How to Make an Inexpensive Regulation Soccer Goal
Dribbling through the opposition on a darting run culminating in the game winner is impossible without a regulation-size goal. At 8 feet high and 24 feet across, regulation store-bought models are expensive. For those seeking a less expensive option, however, it is possible to build a goal with a minimum number of tools and hassle.
Cut all the PVC pipes to the necessary length. Measure using the measuring tape, then mark with the pencil. Use the hacksaw and cut straight to ensure snug fits with connecting pieces.
Construct the base. Prepare one extender by applying primer to the inside of one hub to a depth of 1 inch. Prepare the 20-foot section of pipe by applying primer to the outside of one end. Primer should extend 1 inch from the end and completely circle the pipe. Keep debris off the end of the pipe and let the primer dry for one minute.
Apply PVC cement over the primer on first the inside of the extender and then the outside of the pipe. Fit the pipe into the extender, turning the extender 1/4 turn while doing so. Hold in position for one minute to allow the cement to harden. Note: primer and cement should be applied in this same manner for every fitting.
Prepare the opposite end of the extender by applying primer to the inside of the hub. Prepare one end of a 2-foot section of pipe. Fit the pipe into the extender.
Apply primer and cement to the inner hub of one end of a 90-degree elbow and the opposite end of the two foot section of pipe using the same procedure used in the previous step. Fit the elbow onto the pipe. Note that when finished, the elbow should lie flat on the ground.
Prepare the opposite end of the elbow with primer and cement. Prepare the outside of one end of a 6-oot section of pipe. Fit the 6-foot section of pipe to the elbow.
Prepare the inside of another 90-degree elbow with primer and cement. Prepare the outside of the 6-foot section in the same manner. Fit the elbow onto the pipe. When finished, the open end of this elbow should be vertically aligned. Posts will later be fixed into the vertical section. Repeat these steps starting on the opposite end of the 20-foot section of PVC pipe.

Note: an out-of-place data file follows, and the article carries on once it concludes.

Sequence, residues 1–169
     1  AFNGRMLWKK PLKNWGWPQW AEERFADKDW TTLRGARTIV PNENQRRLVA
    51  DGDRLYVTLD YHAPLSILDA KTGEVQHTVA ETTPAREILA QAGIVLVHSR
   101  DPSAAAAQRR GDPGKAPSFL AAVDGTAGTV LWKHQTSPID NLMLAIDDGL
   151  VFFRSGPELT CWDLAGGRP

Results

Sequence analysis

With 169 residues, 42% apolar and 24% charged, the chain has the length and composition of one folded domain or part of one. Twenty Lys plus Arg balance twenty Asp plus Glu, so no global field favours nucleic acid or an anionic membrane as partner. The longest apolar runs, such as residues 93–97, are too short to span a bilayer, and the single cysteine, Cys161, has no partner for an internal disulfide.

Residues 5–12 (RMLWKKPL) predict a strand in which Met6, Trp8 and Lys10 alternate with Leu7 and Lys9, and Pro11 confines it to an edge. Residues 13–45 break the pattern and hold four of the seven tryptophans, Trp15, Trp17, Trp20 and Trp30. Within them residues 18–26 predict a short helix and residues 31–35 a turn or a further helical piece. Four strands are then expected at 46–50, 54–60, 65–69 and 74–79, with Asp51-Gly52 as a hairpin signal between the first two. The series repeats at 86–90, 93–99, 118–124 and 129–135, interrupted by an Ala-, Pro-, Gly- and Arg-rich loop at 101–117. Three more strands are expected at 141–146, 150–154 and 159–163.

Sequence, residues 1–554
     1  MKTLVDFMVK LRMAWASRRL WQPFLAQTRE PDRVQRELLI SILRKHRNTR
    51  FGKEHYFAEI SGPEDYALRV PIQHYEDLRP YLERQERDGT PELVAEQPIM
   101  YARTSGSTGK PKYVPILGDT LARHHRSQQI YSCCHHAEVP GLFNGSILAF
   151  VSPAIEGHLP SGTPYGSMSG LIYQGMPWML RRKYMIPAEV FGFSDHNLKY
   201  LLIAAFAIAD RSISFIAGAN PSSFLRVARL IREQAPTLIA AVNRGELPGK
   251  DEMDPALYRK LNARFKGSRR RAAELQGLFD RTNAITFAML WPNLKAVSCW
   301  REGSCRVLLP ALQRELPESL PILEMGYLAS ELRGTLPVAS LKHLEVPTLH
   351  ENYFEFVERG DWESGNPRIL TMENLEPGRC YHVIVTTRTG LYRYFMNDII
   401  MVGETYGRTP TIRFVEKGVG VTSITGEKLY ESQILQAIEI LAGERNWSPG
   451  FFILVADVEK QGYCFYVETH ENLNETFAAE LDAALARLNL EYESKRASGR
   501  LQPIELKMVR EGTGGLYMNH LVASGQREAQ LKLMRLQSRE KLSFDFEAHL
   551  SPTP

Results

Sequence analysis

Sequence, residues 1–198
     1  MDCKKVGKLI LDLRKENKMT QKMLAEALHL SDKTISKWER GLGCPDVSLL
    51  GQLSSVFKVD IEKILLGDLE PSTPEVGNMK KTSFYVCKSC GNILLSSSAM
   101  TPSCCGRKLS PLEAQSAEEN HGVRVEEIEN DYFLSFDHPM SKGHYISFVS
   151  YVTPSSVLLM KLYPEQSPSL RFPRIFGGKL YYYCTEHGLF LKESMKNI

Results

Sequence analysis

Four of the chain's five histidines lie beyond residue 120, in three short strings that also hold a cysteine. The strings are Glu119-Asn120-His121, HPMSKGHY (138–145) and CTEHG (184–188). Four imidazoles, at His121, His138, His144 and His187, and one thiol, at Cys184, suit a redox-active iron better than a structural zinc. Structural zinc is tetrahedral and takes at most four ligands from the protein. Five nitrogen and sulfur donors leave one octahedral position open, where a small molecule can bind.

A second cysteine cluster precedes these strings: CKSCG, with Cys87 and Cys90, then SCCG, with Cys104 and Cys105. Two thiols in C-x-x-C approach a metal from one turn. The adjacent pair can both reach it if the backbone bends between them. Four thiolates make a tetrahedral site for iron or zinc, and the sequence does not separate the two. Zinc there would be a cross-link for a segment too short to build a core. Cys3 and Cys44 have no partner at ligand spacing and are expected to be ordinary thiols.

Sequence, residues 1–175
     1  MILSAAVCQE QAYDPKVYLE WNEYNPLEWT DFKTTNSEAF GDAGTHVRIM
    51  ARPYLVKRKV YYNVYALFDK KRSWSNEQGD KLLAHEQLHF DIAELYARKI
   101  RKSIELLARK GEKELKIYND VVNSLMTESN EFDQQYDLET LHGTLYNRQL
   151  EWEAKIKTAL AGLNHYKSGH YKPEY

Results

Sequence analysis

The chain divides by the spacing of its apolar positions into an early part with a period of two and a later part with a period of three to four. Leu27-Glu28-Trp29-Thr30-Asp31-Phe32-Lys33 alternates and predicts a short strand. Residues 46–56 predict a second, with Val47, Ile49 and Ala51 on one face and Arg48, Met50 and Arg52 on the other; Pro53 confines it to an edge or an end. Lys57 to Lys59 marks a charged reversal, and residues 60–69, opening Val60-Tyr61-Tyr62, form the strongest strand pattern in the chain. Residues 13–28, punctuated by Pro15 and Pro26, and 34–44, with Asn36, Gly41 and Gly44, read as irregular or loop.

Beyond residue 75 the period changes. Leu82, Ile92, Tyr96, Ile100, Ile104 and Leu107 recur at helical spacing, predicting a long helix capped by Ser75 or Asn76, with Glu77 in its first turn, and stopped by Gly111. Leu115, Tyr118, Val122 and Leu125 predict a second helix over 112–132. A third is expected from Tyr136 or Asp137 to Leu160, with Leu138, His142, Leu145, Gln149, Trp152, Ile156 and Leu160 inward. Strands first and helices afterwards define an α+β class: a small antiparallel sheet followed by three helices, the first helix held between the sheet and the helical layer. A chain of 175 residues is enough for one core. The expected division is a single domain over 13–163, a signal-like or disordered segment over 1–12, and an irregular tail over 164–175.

Prime and cement the hub of a 90-degree elbow. Prime and cement the posts--the outside of one end of an 8-foot section of pipe. Fix the elbow to the pipe. Repeat this process using the last elbow and other 8-foot section of pipe.
Prepare one of the vertically positioned base elbows with primer and cement. Prepare the outside of the open end of an 8-foot section of pipe. Lift the pipe vertically off the ground and press it into the elbow, turning it a quarter turn while doing so.
Build so that the elbow at the top of the 8-foot sections of pipe, the posts, should face toward the center of the goal as it will later support the crossbar. Repeat the process while installing the opposite post.
Lay the other 20-foot section of PVC pipe on the ground. Prime and cement the inner hub of one end of an extender. Prime and cement one end of the 20-foot pipe. Attach the pieces. Prime and cement the inner hub at the other end of the fitting just attached. Prime and cement the outside of a 2-foot section of pipe. Attach the pieces. Repeat these steps on the opposite end of the 20-foot section to complete the crossbar.
Pull the posts to the ground with one person standing at each post. The 20-base will now be suspended.
Prepare the inside hubs of both elbows at the top of the posts with primer and cement. Prepare the outside of both ends of the crossbar. Fit the ends of the crossbar into the elbows. Do this with two people to make the job easier.
Secure the base to the ground during play by using sandbags placed on the base corners. As an alternative, drill holes through the 20-foot section of the base and stake it to the ground.
PVC primer and cement should be kept off the skin. Use latex gloves.
- Secure the base to the ground during play by using sandbags placed on the base corners. As an alternative, drill holes through the 20-foot section of the base and stake it to the ground.
- PVC primer and cement should be kept off the skin. Use latex gloves.
Mike Biscoe has been writing since 2009. Focusing on travel, sports and entertainment topics, he has credits in various online publications including LIVESTRONG.COM and Trails. He often writes articles covering uncommon travel destinations from firsthand experience. Biscoe holds a Certificate of Completion in acting from the Pacific Conservatory of the Performing Arts.